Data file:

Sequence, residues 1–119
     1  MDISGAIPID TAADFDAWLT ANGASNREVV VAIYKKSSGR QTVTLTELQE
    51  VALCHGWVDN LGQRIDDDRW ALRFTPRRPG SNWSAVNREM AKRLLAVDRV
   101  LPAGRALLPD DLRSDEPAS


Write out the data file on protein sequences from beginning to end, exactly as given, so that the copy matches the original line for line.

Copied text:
Sequence, residues 1–119
     1  MDISGAIPID TAADFDAWLT ANGASNREVV VAIYKKSSGR QTVTLTELQE
    51  VALCHGWVDN LGQRIDDDRW ALRFTPRRPG SNWSAVNREM AKRLLAVDRV
   101  LPAGRALLPD DLRSDEPAS